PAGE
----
I remember feeling truly sick when my son would cry back there as an infant.  I knew that it was not natural for a baby to move this fast backwards!  And it made me feel worse knowing that I could fix it in an instant by getting him out, or by avoiding car trips period.  Again, I think it's very good that you empathize with your baby as well, that you feel what he may be feeling.  Stay open and sensitive.  As my DS's anxiety lessened and as I could see that he was starting to understand more, I was able to tolerate it more.  I don't think I "toughened up", but rather, I was still empathizing and could see that there was a little bit more curiosity about the world from his side and he wasn't as confused.  Now I feel for you! You will both get through this!  Take care...


Edited by Brandybutter - 7/10/11 at 8:21pm
post #28 of 154
Quote:
Originally Posted by mamazee View Post

CIO is an intentional attempt to teach a baby to get used to not having cries responded to. A baby crying in the car is an unfortunate example of how babies are not always going to be happy, but it isn't something you're doing intentionally to teach him anything. You are trying to minimize it when you can. Babies even cry in arms a lot, and that isn't CIO despite how awful they feel when crying. The fact is that babies are human and have the same range of emotions of all humans, but have fewer ways to express their emotions so much comes out in cries. Respond as much as you are able, but unfortunately there will be times he will cry despite your best efforts, and there's no point in feeling so awful about it if it's outside of your control. Just do your best and try to be at peace with those things beyond you.


I absolutely positively agree.

 

At this point (DS is 7) I can't remember when the car-crying stopped (could have been around 4 months when he outgrew his Snugride by height and went into the Roundabout, but I can't be sure), but for what FELT like 18 million years he would cry in the car.  I would sing and talk and laugh and sometimes cry with him, and then would start singing again...  When I could, I would somehow reach my arm back there and touch his head, or his hand if he would put his hand up for me.  That was not easy, as we had a stickshift then.  (he still likes it when I hold his hand while I drive) 

 

He also would cry and cry sometimes in our arms.  No solid reason.  No colic, no belly problems, nothing sticking him clothing-wise, dry dipe, no rashes, full but not too full belly...it was like the weight of the world hit his wee shoulders sometimes and he would just sob...  What to do but to hold him?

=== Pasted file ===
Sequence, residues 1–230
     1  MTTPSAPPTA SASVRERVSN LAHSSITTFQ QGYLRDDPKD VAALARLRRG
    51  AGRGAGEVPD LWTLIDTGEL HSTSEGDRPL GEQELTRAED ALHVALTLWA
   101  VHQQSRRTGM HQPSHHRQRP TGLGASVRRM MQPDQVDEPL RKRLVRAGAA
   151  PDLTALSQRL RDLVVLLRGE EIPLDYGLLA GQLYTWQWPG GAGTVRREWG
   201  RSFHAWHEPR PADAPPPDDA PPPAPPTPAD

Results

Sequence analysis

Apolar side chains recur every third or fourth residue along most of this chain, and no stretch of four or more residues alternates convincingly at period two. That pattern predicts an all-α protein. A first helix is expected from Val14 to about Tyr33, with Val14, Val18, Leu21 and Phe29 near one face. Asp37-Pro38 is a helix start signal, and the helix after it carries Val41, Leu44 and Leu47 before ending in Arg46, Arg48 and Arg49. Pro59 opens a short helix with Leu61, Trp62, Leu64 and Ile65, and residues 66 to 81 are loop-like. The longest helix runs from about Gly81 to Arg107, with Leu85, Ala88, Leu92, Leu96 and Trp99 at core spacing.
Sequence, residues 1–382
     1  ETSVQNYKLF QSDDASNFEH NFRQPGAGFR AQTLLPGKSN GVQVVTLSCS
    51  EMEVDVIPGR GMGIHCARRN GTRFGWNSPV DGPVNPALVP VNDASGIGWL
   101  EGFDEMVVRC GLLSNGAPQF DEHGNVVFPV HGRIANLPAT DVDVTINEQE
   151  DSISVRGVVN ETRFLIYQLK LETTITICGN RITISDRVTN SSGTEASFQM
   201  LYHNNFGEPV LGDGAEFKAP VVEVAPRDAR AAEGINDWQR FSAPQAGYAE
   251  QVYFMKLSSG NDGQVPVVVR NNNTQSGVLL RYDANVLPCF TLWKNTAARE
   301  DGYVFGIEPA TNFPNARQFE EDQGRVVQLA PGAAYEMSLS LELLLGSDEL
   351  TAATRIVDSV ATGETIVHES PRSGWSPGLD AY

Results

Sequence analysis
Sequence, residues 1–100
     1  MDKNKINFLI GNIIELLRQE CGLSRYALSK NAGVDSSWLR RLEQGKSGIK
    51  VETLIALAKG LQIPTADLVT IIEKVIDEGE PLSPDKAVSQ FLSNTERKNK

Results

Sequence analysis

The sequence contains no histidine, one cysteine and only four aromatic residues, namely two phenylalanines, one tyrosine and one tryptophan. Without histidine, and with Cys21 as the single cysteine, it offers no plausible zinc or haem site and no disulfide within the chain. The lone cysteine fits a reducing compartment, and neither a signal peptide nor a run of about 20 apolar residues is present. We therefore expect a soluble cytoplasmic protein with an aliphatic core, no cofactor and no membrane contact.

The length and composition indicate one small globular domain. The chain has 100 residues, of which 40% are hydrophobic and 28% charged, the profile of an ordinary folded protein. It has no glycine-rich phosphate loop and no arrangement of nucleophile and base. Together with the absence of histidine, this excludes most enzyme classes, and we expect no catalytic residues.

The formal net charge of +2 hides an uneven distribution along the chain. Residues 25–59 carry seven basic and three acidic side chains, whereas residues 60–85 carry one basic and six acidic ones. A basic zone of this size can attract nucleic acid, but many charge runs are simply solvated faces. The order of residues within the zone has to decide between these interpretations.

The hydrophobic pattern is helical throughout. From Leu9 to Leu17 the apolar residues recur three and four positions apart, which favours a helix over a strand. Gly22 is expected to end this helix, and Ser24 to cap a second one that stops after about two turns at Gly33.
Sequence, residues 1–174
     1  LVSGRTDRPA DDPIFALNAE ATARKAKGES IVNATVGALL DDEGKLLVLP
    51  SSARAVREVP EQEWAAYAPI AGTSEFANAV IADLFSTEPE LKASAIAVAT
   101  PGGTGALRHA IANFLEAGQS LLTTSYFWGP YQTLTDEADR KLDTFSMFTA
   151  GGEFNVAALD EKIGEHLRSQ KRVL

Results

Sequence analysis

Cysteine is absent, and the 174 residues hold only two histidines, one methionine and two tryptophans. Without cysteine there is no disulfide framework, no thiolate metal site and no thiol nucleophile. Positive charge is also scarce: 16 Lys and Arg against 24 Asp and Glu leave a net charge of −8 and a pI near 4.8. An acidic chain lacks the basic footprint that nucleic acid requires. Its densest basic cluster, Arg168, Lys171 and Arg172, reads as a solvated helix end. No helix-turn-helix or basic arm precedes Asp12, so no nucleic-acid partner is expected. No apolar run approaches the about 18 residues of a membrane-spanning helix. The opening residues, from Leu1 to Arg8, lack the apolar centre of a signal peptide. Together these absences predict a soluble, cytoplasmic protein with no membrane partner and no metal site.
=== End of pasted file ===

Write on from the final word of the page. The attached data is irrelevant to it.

Babies dealing with true CIO don't have someone singing to them, holding them, talking to them, etc etc.  They are *alone*.  There's a huge difference.

 

In all likelihood this will change, and someday you'll forget when it happened exactly...

 

post #29 of 154

I agree with pp that have congratulated you on your connection to you LO...

 

Both my DSs hated the car when they were tiny, but DS1 had an extreme response.  A panicked, shrieking, throw-up on himself response that was very different than the kind of crying he did (often, he was very intense) in arms.  I DO think it's a different experience to cry while being held, than crying while strapped into a hard, plastic device, not being able to feel or see your mama.  Even if you can hear her calming voice, you can't really touch her.  Is it CIO?  I understand previous posts that emphasize the difference in intention from the perspective of the parents, but how different does it feel to that tiny baby? 

 

I don't really have an answer...but I couldn't stand listening to my DS's screams, so I changed the way we lived.  If it was so painful for me to listen to him, how painful must it have been for him to experience?  We stopped driving places, walked everywhere (they both loved being walked carried close to me).  When I had to drive somewhere, I got someone else to drive and I sat in the back & nursed my LO's (which helped immensely).  I wore my baby & grocery shopped with a cart.  If we were traveling any distance, we did it at night, after I nursed the baby to sleep.  That meant that DS1 had to trek to school and back on the train and bus for a year, and that we missed some trips to the beach & woods...but in the grand scheme of things those tender early times are such a very short time.  Did we miss anything by bypassing our car?  Just alot of discomfort.  I offer you the suggestion of skipping camp this year, or arrange for rides for your older child.  Keep closer to home.  Find ways to avoid the car as much as possible.  Your baby, and your own feelings, are telling you something.  Give yourself permission to listen. 

 

 

post #30 of 154

My almost 6 month old does well in the car sometimes, and then other times, nothing makes her happy, even if an adult sits where she can see them and where they can touch her.  There have been times where she has screamed for 45 minutes straight (with me sitting in the car within sight of her and stroking her legs and arms).  We talk to her, touch her if we can, sing her songs, etc.

 

But we noticed a couple of things about this.  The first is that if we pull over, whether I am the driver or not, and I try to nurse her, she's not interested.  She stops crying as soon as she gets out of the carseat but is immediately smiling and cooing at us.  Same thing when the trip is over, whether it's been 10 minutes of screaming or 30.  As soon as she is out of the seat, she's completely calm and smiling, and sometimes there are not tears.  I think most of the time when it happens, she's just ticked about being in there and is voicing her displeasure.

 

It has stressed me out and has occasionally reduced me to tears, and I don't know why sometimes she's fine and sleeps or plays with her toys and while sometimes she seems completely inconsolable, but we do what we can to reduce the instances and to make her feel better, but, in general, we just go about our daily lives and hope she'll grow out of it.